Health Insight April 2002: After the budget
Following the budget Health Secretary Alan
Milburn made a statement to the House of Commons outlining the key
changes needed to ensure the investment delivered a world class health
service. He also announced the publication of ‘Delivering the NHS Plan
– next steps on investment; next steps on reform’. This, Mr Milburn
said, set out ‘a completely new way of running the service’. Waiting
times for operations and in A & E would fall, extra investment in
major conditions would cut cancer and cardiac death rates, and services
in mental health and for older people would be improved. By 2008 the
Health Secretary envisaged increases in all NHS jobs, primary care
services would be expanded and more elective surgery would take place in
new freestanding surgical units or ‘diagnostic and treatment centres’.
Hospital capacity would grow by at least 10,000 more general and acute
In a response to Gordon Brown’s proposal for tax rises to fund NHS investment, Conservative leader Iain Duncan Smith argued that the NHS could not be saved in its present form. He said Britain was ‘further away from the ideals of the NHS than at any other time in its history’. The Liberal Democrat leader Charles Kennedy, however, welcomed the chancellor’s planned tax rise although he said it had come ‘anything up to five years too late’.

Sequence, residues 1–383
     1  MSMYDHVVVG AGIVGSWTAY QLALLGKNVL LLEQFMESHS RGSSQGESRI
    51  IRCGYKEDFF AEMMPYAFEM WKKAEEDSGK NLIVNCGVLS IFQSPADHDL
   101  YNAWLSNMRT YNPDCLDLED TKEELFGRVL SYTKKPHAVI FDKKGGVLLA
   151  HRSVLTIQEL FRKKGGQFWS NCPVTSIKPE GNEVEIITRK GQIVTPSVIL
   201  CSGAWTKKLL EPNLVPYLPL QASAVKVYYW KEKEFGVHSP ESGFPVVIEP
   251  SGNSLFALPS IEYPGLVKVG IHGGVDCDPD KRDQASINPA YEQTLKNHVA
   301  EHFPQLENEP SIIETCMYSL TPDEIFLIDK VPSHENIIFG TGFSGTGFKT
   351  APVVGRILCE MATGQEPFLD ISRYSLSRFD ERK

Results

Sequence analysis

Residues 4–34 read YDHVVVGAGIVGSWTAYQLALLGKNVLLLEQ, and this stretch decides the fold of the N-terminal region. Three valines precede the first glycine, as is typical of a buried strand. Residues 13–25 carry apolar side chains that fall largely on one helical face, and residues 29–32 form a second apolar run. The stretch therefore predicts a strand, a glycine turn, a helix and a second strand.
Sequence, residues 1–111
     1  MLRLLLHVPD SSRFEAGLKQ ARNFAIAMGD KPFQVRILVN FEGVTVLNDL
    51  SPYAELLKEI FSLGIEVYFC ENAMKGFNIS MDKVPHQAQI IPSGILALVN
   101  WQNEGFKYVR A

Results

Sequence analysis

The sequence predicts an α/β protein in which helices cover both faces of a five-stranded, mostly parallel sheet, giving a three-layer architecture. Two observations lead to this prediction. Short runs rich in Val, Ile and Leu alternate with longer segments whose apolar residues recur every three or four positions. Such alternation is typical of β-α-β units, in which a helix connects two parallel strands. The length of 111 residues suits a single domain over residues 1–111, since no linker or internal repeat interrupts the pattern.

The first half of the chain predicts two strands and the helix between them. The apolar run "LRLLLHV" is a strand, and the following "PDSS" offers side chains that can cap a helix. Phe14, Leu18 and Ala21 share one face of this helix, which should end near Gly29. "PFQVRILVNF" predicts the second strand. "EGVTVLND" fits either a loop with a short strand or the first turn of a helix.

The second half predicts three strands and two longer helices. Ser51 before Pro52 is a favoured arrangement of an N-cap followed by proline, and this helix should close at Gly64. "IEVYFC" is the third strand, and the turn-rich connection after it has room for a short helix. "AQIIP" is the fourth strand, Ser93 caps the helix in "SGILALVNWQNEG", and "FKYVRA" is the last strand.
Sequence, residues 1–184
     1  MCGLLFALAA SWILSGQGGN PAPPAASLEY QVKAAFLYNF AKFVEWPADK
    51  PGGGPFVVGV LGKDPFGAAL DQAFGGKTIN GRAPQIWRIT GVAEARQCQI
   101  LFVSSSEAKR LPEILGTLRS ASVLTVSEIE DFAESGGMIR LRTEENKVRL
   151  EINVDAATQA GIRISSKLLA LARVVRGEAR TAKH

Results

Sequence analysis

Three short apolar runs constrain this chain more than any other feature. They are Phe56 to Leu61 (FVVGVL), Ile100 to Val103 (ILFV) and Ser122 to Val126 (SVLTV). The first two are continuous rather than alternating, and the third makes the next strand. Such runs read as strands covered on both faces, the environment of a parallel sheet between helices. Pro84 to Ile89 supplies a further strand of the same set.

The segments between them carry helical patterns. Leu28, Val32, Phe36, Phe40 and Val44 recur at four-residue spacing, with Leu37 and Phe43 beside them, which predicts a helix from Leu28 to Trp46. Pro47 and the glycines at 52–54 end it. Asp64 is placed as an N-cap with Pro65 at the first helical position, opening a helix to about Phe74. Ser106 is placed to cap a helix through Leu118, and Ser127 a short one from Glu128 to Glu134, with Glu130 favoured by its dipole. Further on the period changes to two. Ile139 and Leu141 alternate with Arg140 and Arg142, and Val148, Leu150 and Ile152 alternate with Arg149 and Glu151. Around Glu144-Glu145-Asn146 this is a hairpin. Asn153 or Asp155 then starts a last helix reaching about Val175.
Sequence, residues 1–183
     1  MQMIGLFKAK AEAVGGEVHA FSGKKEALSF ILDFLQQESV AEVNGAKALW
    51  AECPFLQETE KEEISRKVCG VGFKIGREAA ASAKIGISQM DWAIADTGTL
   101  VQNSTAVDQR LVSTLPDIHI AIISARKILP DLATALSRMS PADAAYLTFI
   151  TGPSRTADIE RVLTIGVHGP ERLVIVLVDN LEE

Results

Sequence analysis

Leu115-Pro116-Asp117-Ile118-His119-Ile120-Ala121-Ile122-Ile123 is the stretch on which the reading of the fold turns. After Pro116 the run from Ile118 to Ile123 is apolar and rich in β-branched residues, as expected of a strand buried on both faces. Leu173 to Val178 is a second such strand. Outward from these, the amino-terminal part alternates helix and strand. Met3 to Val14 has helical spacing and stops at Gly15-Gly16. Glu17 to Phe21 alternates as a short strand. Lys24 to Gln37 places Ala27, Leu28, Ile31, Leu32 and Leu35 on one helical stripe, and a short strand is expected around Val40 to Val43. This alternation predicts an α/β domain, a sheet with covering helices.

The media found plenty to write about after Gordon Brown’s budget. Most commentators wondered if, even with all the new resources, the NHS in its present form could deliver the modern service envisaged by Derek Wanless and his team. There is a question mark over whether or not the NHS has the management skills to bring about fundamental changes in the culture of the organisation and in its ability to deliver a more patient-orientated service. There is also the divide between health and social care which is seen as a huge stumbling block to delivering high quality care.
Finally, perhaps by strange coincidence, a report by the health think-tank, the King’s Fund, accused the government of interfering too much in the running of the health service. In an analysis of how the Labour government has managed the NHS since it came to power in 1997, the report says Tony Blair and his ministers have given an impression of ‘relentless, almost hyperactive intervention’. Ministers, it says, should ‘stop making heroic promises and buckle down to the unglamorous detail of building a good enough health service for the 21st century’.
Source: Guardian 18th April, Press releases (DoH), BBC Online
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